The New Yorker, Life Hackers, and Peet's Coffee
by Ken Blackman Sep 8, 2011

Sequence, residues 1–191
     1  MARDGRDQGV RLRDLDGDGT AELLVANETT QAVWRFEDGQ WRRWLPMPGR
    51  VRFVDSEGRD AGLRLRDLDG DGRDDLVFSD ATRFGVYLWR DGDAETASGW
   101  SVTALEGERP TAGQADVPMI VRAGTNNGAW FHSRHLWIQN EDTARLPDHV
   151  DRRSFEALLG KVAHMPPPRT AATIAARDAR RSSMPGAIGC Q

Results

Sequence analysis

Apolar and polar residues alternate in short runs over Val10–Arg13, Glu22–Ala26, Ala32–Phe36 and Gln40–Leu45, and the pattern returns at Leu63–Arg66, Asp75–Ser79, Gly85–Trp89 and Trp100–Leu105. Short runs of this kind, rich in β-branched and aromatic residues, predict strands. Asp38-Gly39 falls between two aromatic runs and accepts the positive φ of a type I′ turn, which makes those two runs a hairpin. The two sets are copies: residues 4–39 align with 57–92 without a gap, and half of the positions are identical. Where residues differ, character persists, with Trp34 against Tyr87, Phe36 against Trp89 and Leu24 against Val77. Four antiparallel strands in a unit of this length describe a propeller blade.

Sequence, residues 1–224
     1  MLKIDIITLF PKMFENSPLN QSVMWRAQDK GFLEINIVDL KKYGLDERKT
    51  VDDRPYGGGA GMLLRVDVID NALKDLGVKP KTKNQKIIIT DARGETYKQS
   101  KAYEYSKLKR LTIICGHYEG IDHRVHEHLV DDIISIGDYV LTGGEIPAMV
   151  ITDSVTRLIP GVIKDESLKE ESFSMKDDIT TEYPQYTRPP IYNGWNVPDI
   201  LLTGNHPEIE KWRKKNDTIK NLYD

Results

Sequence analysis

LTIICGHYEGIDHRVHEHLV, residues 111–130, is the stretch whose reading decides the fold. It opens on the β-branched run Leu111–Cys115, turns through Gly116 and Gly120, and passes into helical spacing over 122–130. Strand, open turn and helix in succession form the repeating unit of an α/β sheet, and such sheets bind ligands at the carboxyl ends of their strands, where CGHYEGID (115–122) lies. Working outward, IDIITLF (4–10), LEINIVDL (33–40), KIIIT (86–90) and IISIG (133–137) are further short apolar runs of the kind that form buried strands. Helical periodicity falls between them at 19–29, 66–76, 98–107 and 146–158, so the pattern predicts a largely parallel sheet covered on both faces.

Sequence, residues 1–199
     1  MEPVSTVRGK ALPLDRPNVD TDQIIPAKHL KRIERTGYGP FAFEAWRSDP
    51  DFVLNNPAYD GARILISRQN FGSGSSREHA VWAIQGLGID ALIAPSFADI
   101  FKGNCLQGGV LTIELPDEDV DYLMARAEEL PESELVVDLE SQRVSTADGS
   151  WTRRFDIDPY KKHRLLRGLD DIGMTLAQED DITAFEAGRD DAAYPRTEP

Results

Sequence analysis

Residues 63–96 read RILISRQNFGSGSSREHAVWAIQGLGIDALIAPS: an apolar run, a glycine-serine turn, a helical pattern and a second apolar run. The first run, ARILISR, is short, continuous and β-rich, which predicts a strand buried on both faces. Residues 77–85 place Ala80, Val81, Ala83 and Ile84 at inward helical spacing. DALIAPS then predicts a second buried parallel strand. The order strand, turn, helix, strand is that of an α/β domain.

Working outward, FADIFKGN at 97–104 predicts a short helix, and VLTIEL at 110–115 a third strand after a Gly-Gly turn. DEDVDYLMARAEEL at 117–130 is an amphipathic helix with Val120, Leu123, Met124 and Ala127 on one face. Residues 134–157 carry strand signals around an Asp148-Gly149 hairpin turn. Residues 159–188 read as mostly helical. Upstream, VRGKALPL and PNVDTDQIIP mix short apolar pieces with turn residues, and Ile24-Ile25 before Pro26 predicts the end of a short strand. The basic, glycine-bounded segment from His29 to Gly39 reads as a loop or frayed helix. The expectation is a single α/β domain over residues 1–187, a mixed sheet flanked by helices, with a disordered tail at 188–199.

This week, OM was mentioned in a profile of author Timothy Ferriss in The New Yorker magazine. (Ferriss refers to it as “The 15-minute orgasm”.) The practice of Orgasmic Meditation – which has become an icon of the “Slow Sex Movement” – has been quietly attracting followers since 2004, the year OneTaste founders Nicole Daedone and Robert Kandell opened their original Center. National and international exposure first arrived in 2009 with a succession of articles, television segments and interviews featured in over a dozen major media outlets, a trend that continues to accelerate.nnJournalists like to point out how “fitting” it is that OM got its start in San Francisco. I think this is only a partial truth. While it is true that my job title tends to draw surprisingly un-surprised reactions from people in this city, it’s equally true that OneTaste’s newfound fame is fueled by a much broader wave of recent interest in female orgasm. Articles on the topic abound in both popular media and medical research journals. The movie Hysteria, due out this fall, deals with the lost art of doctors stroking their female patients’ genitals to paroxysm (an extremely popular medical treatment in the Victorian age). In this context, OM practitioners are like holders of the flame in a world of candles waiting to be lit.nnSo it’s fitting that OM began in San Francisco in the same way that it’s fitting that Peet’s Coffee began as a small coffee shop in Berkeley, CA, with a fanatical following of locals and a then-revolutionary idea of roasting and brewing a superior cup of coffee. (I grew up in Berkeley and remember going there with my father. Patrons were invited to bring in their own coffee mug, of any kind, to get filled – an only-in-Berkeley practice that, sadly but not surprisingly, did not survive the company’s explosive growth in the 1980’s.)nnEach successive wave of media attention brings through our doors a new wave of people, all hungry for a kind of deep, gratifying connection that is missing from their lives, and an opportunity for us to learn how to translate OM to the language of a new demographic. ABC News, Nightline and Time bring in one crowd; Vanity Fair, Cosmopolitan and Women’s Health, another.nnBy far the most visible group of early OM adopters are the readers of Tim Ferriss’s latest book, The 4-hour Body. Incessant life-hackers, they carry the grand tradition of tinkering into an era when the miracles of technology allow us to tinker not just with our machines and dwellings but with our bodies and brains as well. Ferriss is the their patron saint. Because of his broad appeal, and because his chapter on Orgasmic Meditation is arguably the most talked about, we speak to a lot of them.nnOM’s most recent media mention appears in the New Yorker profile on Ferriss, and it is to readers of that magazine that this blog is addressed. First of all, welcome. Given the context of your introduction to the topic, a little orientation might be in order.nn“The 15-minute Orgasm” is the life hacker’s phrase for Orgasmic Meditation. Upon deeper inspection, it turns out that the two terms aren’t entirely synonymous, although the differences lie not so much in the act referred to as in the mindset of the speaker. Yes, you can use a dime as a screwdriver in a pinch, but that’s missing the fact that if you collect enough of them, you can buy a house. So, since we have you, there are a few things we’d like you to know about OM.nnHistory. The value to men and women of stroking women’s genitals has been widely known since the time of Hippocrates and appears throughout the medical literature since that time. It has been less than 100 years since the practice has fallen from favor. Why was it dropped? Because we’ve learned enough about female sexuality that it’s become impossible to plausibly deny the true nature of the practice. OM differs from “pelvic massage” in that it doesn’t treat normal female sexual response as a medical condition requiring treatment.nnOrgasm vs. climax. Another two terms that, it turns out, are not synonymous, although most people think of the latter when they hear the former. The current popular obsession with female climax seems a bit misguided to regular practitioners of OM. With regular practice, climax becomes increasingly easy but increasingly irrelevant, and orgasm – that involuntary state, with all of its intensely pleasurable sensations – expands past the relatively brief sneeze that is climax.nnPractice. Much research has gone into making the act of Orgasmic Meditation, and its instruction, as simple as possible while retaining all the essential components. Mastery is a different matter. Based on the experience of long-time practitioners, there is no known point beyond which there is nothing more to learn, or nothing more to be gained, from continued practice. It keeps getting better. I am in my 13th year as a stroker. I can attest both that I have attained a level of confidence far beyond what I thought would ever be available to me; and, that new horizons continue to open for me.nnThe stroker role. This may be the most paradoxical part of OM. Men are generally more willing to say yes to OM than women expect, especially given that the focus is exclusively on her genitals, not his. When asked, a man will likely attribute this to his eagerness to give his woman pleasure, while a woman will assume there’s a hidden cost. However, once he’s been OMing for long enough that he’s no longer sweating the technical details or worried about performance, something takes place that neither of them expected: he actually starts to enjoy OM himself. Not vicariously, for the pleasure he’s giving her; not for all of the side benefits of a having a woman who’s getting stroked regularly (substantial though they may be); and not for the potential ego boost one might get from being a great stroker. He actually starts to feel something in his body from being in direct physical contact with a woman in orgasm that... feels good. There’s no other way to say it. It’s different from sex but pleasurable in and of itself. He begins to look forward to it, misses it when they miss a session, and such.nnGrowing ubiquity. In the article, Tim Ferriss took on something of an apologetic tone when the subject came up, advising readers not to try to OM with a partner on a first date. In truth, it’s less weird than he implies, in two ways. First, an offer to OM, properly explained, is an easier sell than sex, especially if you’re a guy. And second, the number of practitioners is growing rapidly. OM is a well-defined, easy-to-understand, reliably enjoyable activity in a way that sex is not. It might behoove you to learn the basics, lest you be taken off-guard by an invitation to OM from some attractive gent or lady who catches your fancy.nn(Worth noting here that in the same New Yorker article Jack Canfield, the co-editor of the “Chicken Soup for the Soul” series, gives a hearty thumbs-up to the practice.)nnBi-coastal. Finally, many of you may not know that we're stationed right in your back yard. OneTaste has had a presence in Manhattan for years. So as much as we’d be thrilled to have you come to SF – and would gladly serve you coffee in your own mug – the trip is not necessary to get personalized OM instruction. You need only express interest. Here – allow us to demonstrate:nn“Would you like to OM?”nnSee? That easy.